It’s Hot Outside – Climate Change

I have taken at every opportunity over the past year to describe what are in my opinion the three big concerns facing the medical profession and the World Medical Association (WMA) now and in the future. These are the moral imperative of ethics in medicine, the challenge of non-communicable disease/social determinants of health and the threat of climate change.

Sitting here at home in Winter Park, Florida, US, I am reminded of one of those – the threat of climate change. In a region where the temperatures climb into the 90’s Fahrenheit daily I do not need convincing that its hot outside. It is hot in Florida every year in August. Safely enjoying the ambience of air-conditioning I like that about Florida. However it is not just hot in Florida. Worldwide we are experiencing global warming. And that is causing climate change with dire health consequences.

The US National Oceanic and Atmospheric Administration (NOAA) provided a reminder of this reality in a report issued August 2 stating, “2012 was one of the 10 warmest years on record globally”. This annual peer-reviewed report from NOAA’s National Climatic Data Center is titled “State of the Climate in 2012”. It was complied by 384 scientists from 52 countries. “It provides an update on climate indicators, notable weather events and other data collected by environmental monitoring stations and instruments on land, sea, ice and sky”.

According to acting NOAA Administrator Kathryn D. Sullivan, Ph.D. “Many of the events that made 2012 such an interesting year are part of the long-term trends we see in a changing and varying climate”. The following are the events listed in the report.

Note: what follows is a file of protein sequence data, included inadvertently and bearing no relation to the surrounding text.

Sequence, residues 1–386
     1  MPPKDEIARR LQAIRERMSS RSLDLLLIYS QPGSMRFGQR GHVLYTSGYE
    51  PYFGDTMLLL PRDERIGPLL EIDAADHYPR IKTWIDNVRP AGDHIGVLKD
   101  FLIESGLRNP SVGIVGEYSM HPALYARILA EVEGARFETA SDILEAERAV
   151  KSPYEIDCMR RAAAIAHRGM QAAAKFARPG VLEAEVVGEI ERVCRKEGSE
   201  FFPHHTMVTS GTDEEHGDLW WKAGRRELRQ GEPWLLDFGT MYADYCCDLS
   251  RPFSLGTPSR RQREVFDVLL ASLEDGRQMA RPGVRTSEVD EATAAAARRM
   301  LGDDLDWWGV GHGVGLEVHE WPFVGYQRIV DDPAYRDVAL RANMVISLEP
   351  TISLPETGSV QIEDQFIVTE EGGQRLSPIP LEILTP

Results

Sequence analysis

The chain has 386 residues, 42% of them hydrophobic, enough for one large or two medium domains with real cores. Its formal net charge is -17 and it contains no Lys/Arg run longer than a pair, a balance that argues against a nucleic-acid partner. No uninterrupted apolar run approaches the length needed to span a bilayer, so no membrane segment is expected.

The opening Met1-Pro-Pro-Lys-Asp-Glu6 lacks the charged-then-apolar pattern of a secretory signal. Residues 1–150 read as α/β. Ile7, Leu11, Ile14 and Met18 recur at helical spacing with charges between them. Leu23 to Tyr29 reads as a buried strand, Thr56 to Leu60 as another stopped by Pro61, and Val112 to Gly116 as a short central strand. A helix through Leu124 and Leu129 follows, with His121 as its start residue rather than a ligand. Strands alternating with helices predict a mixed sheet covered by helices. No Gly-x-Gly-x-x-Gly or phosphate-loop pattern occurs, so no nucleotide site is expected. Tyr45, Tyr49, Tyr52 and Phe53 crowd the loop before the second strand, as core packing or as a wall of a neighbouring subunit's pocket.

Warm temperature trends continue near earth’s surface with 2012 being among the 10 warmest years on record.
The Artic continues to warm with sea ice extent reaching a record low.
Antarctica sea ice extent reached a record high.
Sea surface temperatures were among the 11 warmest on record.
Ocean heat content remained near record levels with increases even in the deep ocean.
Sea level reached a record high in 2012 and has been increasing at an average rate of 3.2 mm per year.
Ocean salinity continued to increase.
Tropical cyclone activity was near average.
Greenhouse gas concentrations including carbon dioxide, methane and nitrous oxide continued to rise and for the first time exceeded 400 ppm at some Arctic observational sites.
Cool temperatures continued in earth’s lower stratosphere (six to ten miles above the surface) due to increased greenhouse gases at lower levels.
NOAA is an agency of the US Department of Commerce. Its mission is to understand and predict changes in climate, weather, oceans and coasts; to share that knowledge and information with others, and to conserve and manage coastal and marine ecosystems and resources.

In blogs 16 October 2012 and 16 April 2013 I described the effects of climate change on health and WMA policy on the physicians role in helping our patients adapt and in developing public policy to mitigate climate change. The URL for the WMA Declaration of Delhi on Health and Climate Change adopted by the WMA General Assembly in New Delhi, India, 2009.

Cecil B Wilson

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